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Changing the root password in Solaris 8

Posted on 2003-10-29
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Last Modified: 2013-12-27
I have a Sun Solaris 8 computer in my department that has had the root password changed,
and I can not login.

How can I get the password changed.

If you could explain it by doing it at the computer level and if possible over the network.  
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Question by:CMILLER
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16 Comments
 
LVL 24

Expert Comment

by:shivsa
ID: 9645047
install the sudo from Sun.

once it is installed u can be root and then change the root password.
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Author Comment

by:CMILLER
ID: 9645589
I can not log in to the machine at all, I have no account
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LVL 34

Expert Comment

by:PsiCop
ID: 9646069
You can't tackle this from over the network. You need to be AT the machine - besides, even if you knew the password, by default Solaris v8 will not allow root to login from anywhere except the console. I'm going to assume (since you didn't bother to say) its a Sun/Sparc CPU with a Sun keyboard attached. This goes differently from an Intel box running Solaris for x86.

1) Press and hold the STOP key and then press A. You will enter the Open Boot PROM (OBP) monitor, denoted by the "ok" prompt.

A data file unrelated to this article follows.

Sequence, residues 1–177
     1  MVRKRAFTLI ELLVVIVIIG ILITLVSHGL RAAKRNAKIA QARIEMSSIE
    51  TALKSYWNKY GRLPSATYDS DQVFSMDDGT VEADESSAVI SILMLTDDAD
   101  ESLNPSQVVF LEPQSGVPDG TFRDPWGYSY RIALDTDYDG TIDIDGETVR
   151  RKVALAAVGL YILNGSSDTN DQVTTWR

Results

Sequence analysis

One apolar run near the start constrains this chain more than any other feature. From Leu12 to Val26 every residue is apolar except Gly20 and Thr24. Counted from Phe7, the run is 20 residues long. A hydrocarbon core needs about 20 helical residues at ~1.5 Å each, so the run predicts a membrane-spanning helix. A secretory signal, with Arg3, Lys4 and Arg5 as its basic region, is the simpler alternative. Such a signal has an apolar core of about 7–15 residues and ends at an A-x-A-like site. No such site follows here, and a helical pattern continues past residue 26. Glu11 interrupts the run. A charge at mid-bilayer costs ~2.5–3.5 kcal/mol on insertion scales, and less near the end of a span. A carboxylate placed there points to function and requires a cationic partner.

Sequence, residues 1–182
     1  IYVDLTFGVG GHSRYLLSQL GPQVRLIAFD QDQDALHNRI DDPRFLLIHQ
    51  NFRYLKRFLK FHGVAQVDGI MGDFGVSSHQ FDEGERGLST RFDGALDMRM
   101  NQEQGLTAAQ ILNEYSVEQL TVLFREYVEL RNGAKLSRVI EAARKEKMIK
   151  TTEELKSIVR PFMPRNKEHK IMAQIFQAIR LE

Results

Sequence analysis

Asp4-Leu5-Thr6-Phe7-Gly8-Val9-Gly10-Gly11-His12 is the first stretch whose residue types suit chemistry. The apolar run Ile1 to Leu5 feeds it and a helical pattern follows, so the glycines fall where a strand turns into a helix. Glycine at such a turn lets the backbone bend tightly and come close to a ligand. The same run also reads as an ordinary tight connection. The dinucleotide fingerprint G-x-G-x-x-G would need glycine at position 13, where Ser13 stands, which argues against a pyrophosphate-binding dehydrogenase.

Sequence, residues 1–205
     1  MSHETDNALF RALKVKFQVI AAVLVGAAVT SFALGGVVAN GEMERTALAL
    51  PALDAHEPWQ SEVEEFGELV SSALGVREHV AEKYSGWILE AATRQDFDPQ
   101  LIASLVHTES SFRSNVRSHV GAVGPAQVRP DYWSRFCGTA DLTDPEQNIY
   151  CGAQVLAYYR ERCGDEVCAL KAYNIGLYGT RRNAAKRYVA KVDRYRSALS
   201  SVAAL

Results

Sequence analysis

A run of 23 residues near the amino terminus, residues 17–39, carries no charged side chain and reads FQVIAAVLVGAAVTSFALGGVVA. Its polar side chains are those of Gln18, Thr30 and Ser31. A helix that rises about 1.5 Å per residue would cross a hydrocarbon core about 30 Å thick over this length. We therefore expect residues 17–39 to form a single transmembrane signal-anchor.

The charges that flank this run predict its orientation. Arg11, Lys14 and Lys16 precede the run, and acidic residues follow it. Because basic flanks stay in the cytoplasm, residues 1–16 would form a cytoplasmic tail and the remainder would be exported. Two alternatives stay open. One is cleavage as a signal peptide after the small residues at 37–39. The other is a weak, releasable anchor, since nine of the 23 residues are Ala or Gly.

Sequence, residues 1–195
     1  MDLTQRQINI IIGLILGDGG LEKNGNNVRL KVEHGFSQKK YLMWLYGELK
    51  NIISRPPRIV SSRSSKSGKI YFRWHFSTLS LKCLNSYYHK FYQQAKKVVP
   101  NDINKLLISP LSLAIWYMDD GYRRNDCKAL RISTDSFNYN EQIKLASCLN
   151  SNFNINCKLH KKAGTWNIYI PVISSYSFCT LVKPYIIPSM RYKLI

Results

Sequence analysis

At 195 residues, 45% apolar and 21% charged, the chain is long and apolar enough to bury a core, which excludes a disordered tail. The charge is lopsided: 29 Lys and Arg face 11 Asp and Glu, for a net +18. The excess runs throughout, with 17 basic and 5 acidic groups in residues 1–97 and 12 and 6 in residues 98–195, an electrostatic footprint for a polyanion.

2) Insert the Solaris v8 CD-ROM (disk 1 of 1) into the CD-ROM drive
3) Type "boot cdrom" and hit ENTER
4) The Solaris install will start. Select a language and local and all that stuff and let it get to the GUI interface.
5) Abort the install but remain in the GUI. Using the console window, mount the drive slice containing the root partition. For example, you might type "mount /dev/dsk/c0t0d0s0 /mnt"
6) Change directory to the root partition's /etc directory (in my example, that would be /mnt/etc)
7) Using ex or even cat if you have to, edit the shadow file to blank out the password for root
8) After saving the change, reboot the machine

The root account now has no password - you can login and establish one.
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LVL 38

Accepted Solution

by:
yuzh earned 125 total points
ID: 9646964
When you don't have the root password, you have to go to the console to do the job.

In you case, you need to go to the console to do the job. (you can boot up from a boot
server if you have one, or boot up from a Solaris software CD in single user mode, then
get rid of the passwd), here's what you need to do:

<Stop> A

boot cdrom -s
(or boot net -s)

fsck -y /dev/rdsk/c0t0d0s0
mount /dev/dsk/c0t0d0s0 /a
TERM=sun
export TERM
vi /a/etc/shadow
and remove the encrypted password entry for root.
umount /a

then reboot the system and reset the root password.
0
 

Author Comment

by:CMILLER
ID: 9647135
Thanks for all sug, I am in the process of trying all of them, so far today I have not been unable to boot to the cdrom to try these sug.

Sorry to all, That I didnt explain if it was a Sun/Sparc CPU with a Sun keyboard attached or an Intel box running Solaris for x86.

Comments like this: (since you didn't bother to say) was that really necessary!!

Back to the problem: It is a SunBlade 100 and I am using the Solaris 8 software that came with a Ultra 5, can you see any reason that it wont boot to the cdrom. I did reset the system defaults.